countries in the throes of rapid development blithely destroy historic spaces . perhaps by government agencies . And former objects of utility now pass for rare and precious works of art. without attaching undue importance to what is said about this space. however. or imitation.in short. what had been annihilated in the earlier frenzy of growth now becomes an object of adoration. esence. Lefebvre THE SPACE OF ARCIDTECTS Cases are legion where the empirical approach to a given process refuses to carry its description to a conceptual level where a dialectical (conflictual) dynamic is likely to emerge. the garment ceremonial. The famous bar which. in a red by . is in fact transportable hither and thither at the whim of society. It is easy to imagine that the architect has before him a slice or piece of space cut from larger wholes. technical skills. All of which has still not explained very much. the chair the seat of authority. these same countries are liable to discover how such spaces may be pressed into the service of cultural consumption. or the like. Later.may be extracted from everyday practice and suffer a displacement which will transform it by transferring it into monumental space: the vase will become holy. That is not what actually happens. military or civil structures. Any object . oving. as a means of banishing the obscene. \nd.perhaps by 'developers'. a garment . that he takes this portion of space as a 'given' and works on it according to his tastes. this by virtue of a play of substitutions in which the religious and political realms symbolically (and ceremonially) exchange attributes . If advantage or profit is to be found in it.houses. seat. ts and ice: (1) tiguity. ideas and preferences. The obscene is a general category of social practice. id to iental gious es are meat )f the litical re the ers of . of 'culture itself'. separates signifier from signified and desire from its object.us of en the urses. The section of space assigned to the architect . whence it will determine the disposition of the sites in question. For example. The horizontal chain of sites in space is thus replaced by vertical superimposition. he receives his assignment and deals with it in complete freedom. It is in presidential chair. palaces.a vase.THE PRODUCTION OF SPACE most e Taj urves tents.ous to :erplay ectural (gaits. perhaps towards the end of the period of accelerated growth. When this happens. In any case. in this way the authority of the sacred and the sacred aspect of authority are transferred back and forth. to : of the rich are monutussian es' of a e. everything that they had so merrily demolished during the belle epoque is reconstituted at great expense.the attributes of power. by a hierarchy which follows its own route to the locus of power. Let us for a moment consider the space of architecture and of architects. Where destruction has not been complete. . living: water. Thus each monumental space becomes the metaphorical and quasi-metaphysical underpinning of a society. In short. nental in the 1 texts 1 with solely -s. then the old is swept away. 'renovation' becomes the order of the day. itless "hole. and f. and of the tourism and the leisure industries with their almost limitless prospects. however. or neothis or neo-that. for what we have said applies for all 'monumentality' and does not address the question of what particular power is in place. a chair. and not of signifying processes as such: exclusion from the scene is pronounced silently by space itself. mutually reinfo-rcing one another in the process.is affected by calculations that he may have some intimation of but with which he nother. or replication. according to the followers of Saussure. as a means of separating the sacred from the profane and of repressing those gestures which are not prescribed by monumental space .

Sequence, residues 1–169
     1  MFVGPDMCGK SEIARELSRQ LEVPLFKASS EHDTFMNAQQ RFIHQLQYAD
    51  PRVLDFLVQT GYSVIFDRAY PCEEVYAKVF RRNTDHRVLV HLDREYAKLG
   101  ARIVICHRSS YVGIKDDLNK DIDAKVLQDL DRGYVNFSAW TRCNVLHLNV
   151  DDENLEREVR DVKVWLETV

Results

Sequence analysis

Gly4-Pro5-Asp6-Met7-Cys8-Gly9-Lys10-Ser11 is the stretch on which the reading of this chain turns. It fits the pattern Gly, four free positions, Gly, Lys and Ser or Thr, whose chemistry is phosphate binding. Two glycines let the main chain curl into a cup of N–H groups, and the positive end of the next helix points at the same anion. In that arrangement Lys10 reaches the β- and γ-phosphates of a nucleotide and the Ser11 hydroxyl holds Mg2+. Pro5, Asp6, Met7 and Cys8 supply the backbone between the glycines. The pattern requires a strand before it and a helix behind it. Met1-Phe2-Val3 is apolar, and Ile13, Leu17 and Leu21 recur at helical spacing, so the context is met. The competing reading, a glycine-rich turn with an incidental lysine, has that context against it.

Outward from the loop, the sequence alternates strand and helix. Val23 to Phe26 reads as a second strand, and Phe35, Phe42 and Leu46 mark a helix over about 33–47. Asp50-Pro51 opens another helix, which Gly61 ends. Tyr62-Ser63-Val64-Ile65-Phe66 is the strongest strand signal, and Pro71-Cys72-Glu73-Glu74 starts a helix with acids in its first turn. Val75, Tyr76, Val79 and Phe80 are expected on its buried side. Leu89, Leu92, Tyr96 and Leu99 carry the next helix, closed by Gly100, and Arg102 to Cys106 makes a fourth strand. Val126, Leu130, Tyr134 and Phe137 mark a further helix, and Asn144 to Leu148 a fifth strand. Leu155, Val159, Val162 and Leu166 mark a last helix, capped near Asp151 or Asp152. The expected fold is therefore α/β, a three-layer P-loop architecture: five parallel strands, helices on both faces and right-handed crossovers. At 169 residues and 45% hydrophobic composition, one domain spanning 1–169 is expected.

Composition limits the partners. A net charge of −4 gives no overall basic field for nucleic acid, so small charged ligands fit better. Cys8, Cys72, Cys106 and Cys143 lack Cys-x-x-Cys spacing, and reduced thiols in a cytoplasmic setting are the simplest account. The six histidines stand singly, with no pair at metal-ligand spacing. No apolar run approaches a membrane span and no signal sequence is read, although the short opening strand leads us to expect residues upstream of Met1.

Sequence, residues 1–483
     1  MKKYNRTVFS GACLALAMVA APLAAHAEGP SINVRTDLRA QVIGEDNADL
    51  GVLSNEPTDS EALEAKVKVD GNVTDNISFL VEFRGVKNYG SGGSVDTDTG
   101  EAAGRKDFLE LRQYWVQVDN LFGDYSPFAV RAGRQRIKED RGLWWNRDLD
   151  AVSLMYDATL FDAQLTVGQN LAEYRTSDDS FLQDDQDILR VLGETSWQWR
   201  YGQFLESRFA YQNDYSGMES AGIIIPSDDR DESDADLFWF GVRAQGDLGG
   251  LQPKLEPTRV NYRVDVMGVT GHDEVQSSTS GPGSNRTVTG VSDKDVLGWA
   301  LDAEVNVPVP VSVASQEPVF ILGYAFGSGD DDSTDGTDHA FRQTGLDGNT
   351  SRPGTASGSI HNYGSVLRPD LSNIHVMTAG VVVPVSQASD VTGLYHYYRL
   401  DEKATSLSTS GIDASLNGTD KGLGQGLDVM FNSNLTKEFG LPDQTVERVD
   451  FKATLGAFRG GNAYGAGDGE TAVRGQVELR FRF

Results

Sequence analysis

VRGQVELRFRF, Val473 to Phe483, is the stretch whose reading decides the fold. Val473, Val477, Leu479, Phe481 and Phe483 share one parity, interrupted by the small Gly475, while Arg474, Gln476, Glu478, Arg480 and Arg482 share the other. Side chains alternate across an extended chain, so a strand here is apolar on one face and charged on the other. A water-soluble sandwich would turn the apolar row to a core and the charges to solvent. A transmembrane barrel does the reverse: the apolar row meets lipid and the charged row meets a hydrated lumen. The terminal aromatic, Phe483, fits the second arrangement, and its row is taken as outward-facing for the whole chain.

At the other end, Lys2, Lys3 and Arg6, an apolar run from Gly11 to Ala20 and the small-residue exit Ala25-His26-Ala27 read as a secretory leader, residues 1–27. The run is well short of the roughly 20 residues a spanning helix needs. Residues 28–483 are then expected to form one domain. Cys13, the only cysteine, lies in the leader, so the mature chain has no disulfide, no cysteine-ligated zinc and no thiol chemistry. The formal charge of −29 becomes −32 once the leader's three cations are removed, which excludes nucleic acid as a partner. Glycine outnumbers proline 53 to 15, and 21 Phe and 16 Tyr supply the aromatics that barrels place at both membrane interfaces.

This conceived space is thought by those . relating to the surroundings or 'environment'. It may thus be said of architectural discourse that it too often imitates or caricatures the discourse of power. and public. elevations. A vast number of representations (some would call them 'ideological' representations. no IT sans repr Let us means of well-defii these gro language vaguely s cars are r alongside nates eve (suggestii expressic constant! The u: with the.which was also the prison of the family .a volume made up of planes and lent spurious depth by means of decorative motifs. which is 'unconsciously' determined by this perceptual field. who make use of it to be true. It consists of 'lots' and is organized in a repressive manner as a function of the important features of the locality.as in the case of Le Cor busier . the division ( the point at home i ive. As for the eye of the architect. there to be accepted or rejected." The tendency to make reductions of this kind reductions to parcels. Its distant ancestor is the linear perspective developed as early as the Renaissance: a fixed observer. modules. Set aside or downplayed from the outset are all questions relating to what is too close or too distant. and that it suffers from the delusion that 'objective' knowledge of 'reality' can be attained by means of graphic representations.to sheets of paper. The chief criterion of the architectural plan. Such sterilizing tendencies were denounced long ago by Gromort. an immobile perceptual field. sunshine) with the worst kind of abstraction (plane geometry. subdivisions (lots) and specializations (functional localizations) are quite admissible to this practically defined sphere. Within the spatial practice of modern society. governed by the bourgeoisie. despite the fact . The facade (to see and to be seen) was always a measure of social standing and prestige. and hence the space of capitalism. He has a representation of this space. one which is bound to graphic elements . It only too easily becomes . Much more than this. and relating to the relationship between private. sections. movable In the furniture have face sphere ol would b( space we space we ational' 4 sociologi . must be quantifiable. between househol is not trr take less. perspective views of facades. This discourse no longer has any frame of reference or horizon. It is a visual space.that it is geometrical: because it is a medium for objects. on right angles and straightness in general. to images. and a locus of the objectification of plans. profitable. a space reduced to blueprints. to facades that are made to be seen and to be seen from (thus reinforcing 'pure' visual space) . to mere images . a stable visual world. the architect ensconces himself in his own space. combining a figurative appeal to nature (water. plans. but why bother with a term now so devalued by misuse?) take this route. air. and so on.became the epitome and modular form of bourgeoisified space. who demonstrated how they served to fetishize the facade .). an object itself. This space has nothing innocent about it: it answers to particular tactics and strategies. its very passive acceptance of them ensures their operational impact The division of labour. to merit consideration. of the eV4 As a spac it has an ments an inevitabh leaves pa that the' in a conf It is p form a n private s mean the function. modules. His 'subjective' space is freighted with all-too-objective meanings. communicable and 'realistic'. the space of the dominant mode of production. is whether or not it is realizable: the plan is projected onto the field of architectural thought. semi-fixe dictions I ephemer.144 PHENOMENOLOGY THE P Lefebvre is certainly not well acquainted. A prison with a facade . any plan. in fact: though the sphere in question seems passive with respect to operations of this kind.a moral discourse on straight lines. quite simply. it is no more innocent than the lot he is given to build on or the blank sheet of paper on which he makes his first sketch. On the other hand. etc. These reductions are accentuated and justified by the rule of linear perspective.or perhaps because of the fact .to that 'world of the image' which is the enemy of the imagination. it is.is a tendency that degrades space.